Many industries have already been irreparably changed by the arrival of e-commerce, online merchant gateways and digital debit card and credit card payment processing pages. Now it seems another industry – one revolving around high-value items – is going to be changed, as well: the art scene.
For instance, Steven Murphy, chief executive of auction house Christie’s, recently spoke to The Wall Street Journal about his plans to transition his company into one that does a large percentage of its business online. The process has already begun: Christie’s sold a number of works by iconic artist Andy Warhol online last year, though they did retain a number of his “major” paintings for auctions at a physical location.
“Christie’s was able to provide major [Warhol] paintings at live auction at evening sales, other works at day sales live, then other works in large collections of lesser-priced works online,” Murphy explained to The Wall Street Journal.
However, it’s unlikely that lower-priced paintings will be the ones listed online for long. Murphy went on to note that he expects a “surge” in online art sales during the next few years – suggesting that “major” paintings will likely soon be sold online alongside lesser-known works.
“The potential for growth for Christie’s is exponential because of the number of active buyers and interested buyers,” Murphy continued, while speaking with the news outlet. “And online provides us with the means of connection with them that is far more facile than bricks and mortars. Last year, was our proof-of-concept year. We had 60 online-only auctions of various categories. It was a year we didn’t task our team with doing huge numbers. This year begins the real surge.”
Murphy’s feelings, in conclusion, were made very clear to the news outlet: the art world is soon to be shaken up by the internet in the way that the retail and music industries, among others, already have been.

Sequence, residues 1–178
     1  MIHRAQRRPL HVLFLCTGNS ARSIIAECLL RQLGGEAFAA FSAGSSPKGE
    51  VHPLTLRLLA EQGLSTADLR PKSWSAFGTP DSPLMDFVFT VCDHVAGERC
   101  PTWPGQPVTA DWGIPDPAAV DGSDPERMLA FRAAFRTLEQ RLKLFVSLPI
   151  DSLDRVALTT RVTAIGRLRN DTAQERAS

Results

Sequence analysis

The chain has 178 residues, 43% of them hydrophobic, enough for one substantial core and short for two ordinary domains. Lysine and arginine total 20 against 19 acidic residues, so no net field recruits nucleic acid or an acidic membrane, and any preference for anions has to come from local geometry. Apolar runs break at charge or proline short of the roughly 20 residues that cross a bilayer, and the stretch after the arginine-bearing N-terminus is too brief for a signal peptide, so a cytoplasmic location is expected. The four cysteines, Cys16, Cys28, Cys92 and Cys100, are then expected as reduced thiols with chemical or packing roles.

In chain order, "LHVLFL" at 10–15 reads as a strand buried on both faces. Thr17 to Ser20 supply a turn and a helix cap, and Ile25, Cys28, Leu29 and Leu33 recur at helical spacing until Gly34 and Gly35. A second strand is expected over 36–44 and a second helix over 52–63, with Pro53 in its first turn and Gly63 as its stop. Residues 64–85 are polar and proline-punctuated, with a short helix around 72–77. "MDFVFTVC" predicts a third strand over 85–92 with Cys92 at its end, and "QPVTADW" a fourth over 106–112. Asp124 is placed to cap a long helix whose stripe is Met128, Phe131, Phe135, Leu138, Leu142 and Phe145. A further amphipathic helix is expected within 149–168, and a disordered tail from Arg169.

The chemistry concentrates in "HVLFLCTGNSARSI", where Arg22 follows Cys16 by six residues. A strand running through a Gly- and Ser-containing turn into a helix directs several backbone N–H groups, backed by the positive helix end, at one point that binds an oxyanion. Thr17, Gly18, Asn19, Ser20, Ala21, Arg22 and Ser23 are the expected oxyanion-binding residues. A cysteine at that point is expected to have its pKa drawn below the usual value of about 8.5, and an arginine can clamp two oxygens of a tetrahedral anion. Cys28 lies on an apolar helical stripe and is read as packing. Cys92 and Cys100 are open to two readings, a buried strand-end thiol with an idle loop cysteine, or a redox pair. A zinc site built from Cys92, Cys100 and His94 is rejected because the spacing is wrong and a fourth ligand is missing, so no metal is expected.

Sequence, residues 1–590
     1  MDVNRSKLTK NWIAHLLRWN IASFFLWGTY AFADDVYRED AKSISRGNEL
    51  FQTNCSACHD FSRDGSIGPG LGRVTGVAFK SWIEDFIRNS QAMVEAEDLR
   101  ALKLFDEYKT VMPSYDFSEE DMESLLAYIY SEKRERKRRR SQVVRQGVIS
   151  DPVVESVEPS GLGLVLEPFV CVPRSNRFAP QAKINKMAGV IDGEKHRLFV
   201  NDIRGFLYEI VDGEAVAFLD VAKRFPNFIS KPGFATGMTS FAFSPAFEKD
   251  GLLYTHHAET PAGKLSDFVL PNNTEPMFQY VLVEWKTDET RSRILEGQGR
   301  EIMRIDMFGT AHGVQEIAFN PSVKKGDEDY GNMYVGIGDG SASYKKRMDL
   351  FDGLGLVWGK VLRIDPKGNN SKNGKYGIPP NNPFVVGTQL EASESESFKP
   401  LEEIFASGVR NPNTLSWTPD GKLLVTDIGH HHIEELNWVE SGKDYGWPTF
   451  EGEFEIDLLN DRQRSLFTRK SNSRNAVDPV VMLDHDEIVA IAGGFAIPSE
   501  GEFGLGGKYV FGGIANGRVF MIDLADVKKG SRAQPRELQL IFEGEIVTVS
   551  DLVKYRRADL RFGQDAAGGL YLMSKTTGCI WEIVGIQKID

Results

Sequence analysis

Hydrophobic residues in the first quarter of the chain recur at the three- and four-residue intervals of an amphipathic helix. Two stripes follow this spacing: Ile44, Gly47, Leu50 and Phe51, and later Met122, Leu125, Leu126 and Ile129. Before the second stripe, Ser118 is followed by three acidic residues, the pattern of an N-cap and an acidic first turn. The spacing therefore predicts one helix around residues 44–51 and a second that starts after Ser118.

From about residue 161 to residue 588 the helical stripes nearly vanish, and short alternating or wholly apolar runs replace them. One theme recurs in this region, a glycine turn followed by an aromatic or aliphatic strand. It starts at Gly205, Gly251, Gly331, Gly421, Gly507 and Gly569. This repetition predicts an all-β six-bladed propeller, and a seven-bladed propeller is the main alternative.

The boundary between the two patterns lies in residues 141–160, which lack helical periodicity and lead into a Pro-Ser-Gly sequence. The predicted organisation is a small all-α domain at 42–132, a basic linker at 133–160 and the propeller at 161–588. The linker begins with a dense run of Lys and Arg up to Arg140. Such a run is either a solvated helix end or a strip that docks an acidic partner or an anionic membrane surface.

“I felt the art auction world had not experienced the tidal wave that music, video and books experienced with the advent of online,” he told the Wall Street Journal.
Recent study supports the theory that online art sales are soon to become much more popular
Another recent study further illustrated how quickly the art world is growing to adapt to e-commerce. According to a recent report provided by Reuters by British insurer Hiscox, the total value of the e-commerce art market is expected to reach higher than $3.75 billion sometime in the next five years. That’s more than double the amount that the online art market is currently worth, according to the report. This backs up the comments made by Christie’s executive in regards to the rapid growth of the online art market.
Robert Read, Hiscox’s head of fine art, explained to the news outlet that the field is expected to increase in size and worth as many young art collectors begin shopping within the field by way of the internet. He expects many of the individuals buying art online in the coming years will be new individuals who had not previously purchased art via auctions or other means – illustrating the way that e-commerce can allow vendors and retailers to connect with consumers who would never otherwise purchase their products.
“Young collectors are looking for art work which is easy to buy and available at a wide range of prices,” Reed said to Reuters. “Online art platforms cater for all tastes and budgets, but are particularly effective for those just starting to collect – opening up the art market in a way that is hard to replicate in the real world.”Back To Blog